Last week, Nigerian senators moved a bill said to be aiming at silencing free speech on social media. The proposed bill to “Prohibit Frivolous Petitions and Other Matters Connected Therewith” which particularly earmarks users of social and electronic media, has drawn immeasurable slams from Nigerians of all ages. And as the countless criticisms keep flooding the internet all opposing the bill sponsored by the Kebbi South Senatorial District representative, Senator Bala Ibn Na’Allah, social media activists have arranged to march to the National Assembly Abuja on Tuesday December 8 for a rally tagged #NoToSocialMediaBill#.
According to the joint statement issued on Sunday by the conveners, Aisha Yesufu, Anthony Ehilebo, Ariyo Atoye and Mukhtar Dan’Iyan, the protest which is scheduled for 9am, is expected to start at the Unity Fountain, Maitama, Abuja.
The statement which proposes to protest against the bill sponsored by the Deputy Senate Leader reads;
“Following the media reports that a bill by the Senate on Frivolous Petitions had passed second reading and was subsequently passed to the relevant committee for consideration and to report back to the house within three weeks, it has become pertinent to call on all well-meaning Nigerians to join in a Protest Rally on Tuesday 8th of December 2015 at 9am prompt at the Unity Fountain, Maitama Abuja, to call on the National Assembly and in particular the Senate to immediately discontinue with the said Bill proposed by Senator Bala Ibn Na’Allah from Kebbi State.”
“The controversial Bill, however, proposes up to four years in prison or between N2 million and N4 million fine for “anyone who intentionally propagates false information that could threaten the security of the country or that is capable of inciting the general public against the government through electronic message.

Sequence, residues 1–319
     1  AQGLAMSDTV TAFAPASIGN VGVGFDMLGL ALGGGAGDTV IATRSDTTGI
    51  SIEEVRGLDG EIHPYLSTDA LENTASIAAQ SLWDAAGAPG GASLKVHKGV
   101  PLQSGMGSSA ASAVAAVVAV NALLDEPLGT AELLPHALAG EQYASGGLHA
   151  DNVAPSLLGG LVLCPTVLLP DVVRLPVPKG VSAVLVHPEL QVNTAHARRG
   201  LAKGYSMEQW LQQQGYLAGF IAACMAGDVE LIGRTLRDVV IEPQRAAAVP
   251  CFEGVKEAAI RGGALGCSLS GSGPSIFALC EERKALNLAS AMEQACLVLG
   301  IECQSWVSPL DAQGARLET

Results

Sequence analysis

“The controversial Bill, also proposes up to two years in prison or N2million and N4million fine or both for anyone disseminating via text message, Twitter, WhatsApp, or any other form of social media an ‘abusive statement.
“This also involves messages intending to “set the public against any person and group of persons, an institution of government or such other bodies established by law.”
The statement added, “The issue of concern is therefore, the suspicious secrecy and shrouded nature of this Bill. The direct conflict of this Bill with Section 39 Sub 1 of the Constitution of the Federal Republic of Nigeria 1999 as Amended in 2011 which states, that “Every Person shall be entitled to Freedom of Expression, including freedom to hold opinions and to receive and impart ideas and information without interference.”
“It is also noteworthy that there has been a spirited effort to justify this repressive and unconstitutional action of the Senate but this does not suffice in line with the commitment with which we have seen the senate and its senators from both parties actively arguing positively for the necessity of such a bill.
“Who are they afraid of? We urge concerned Nigerians to join us as we protest and say a Capital #NoToSocialMediaBill#. No to undue planned interruption of the exercise of our fundamental right to freedom of expression without interference as guaranteed by Section 39 (1) of the 1999 Constitution of the Federal Republic of Nigeria.”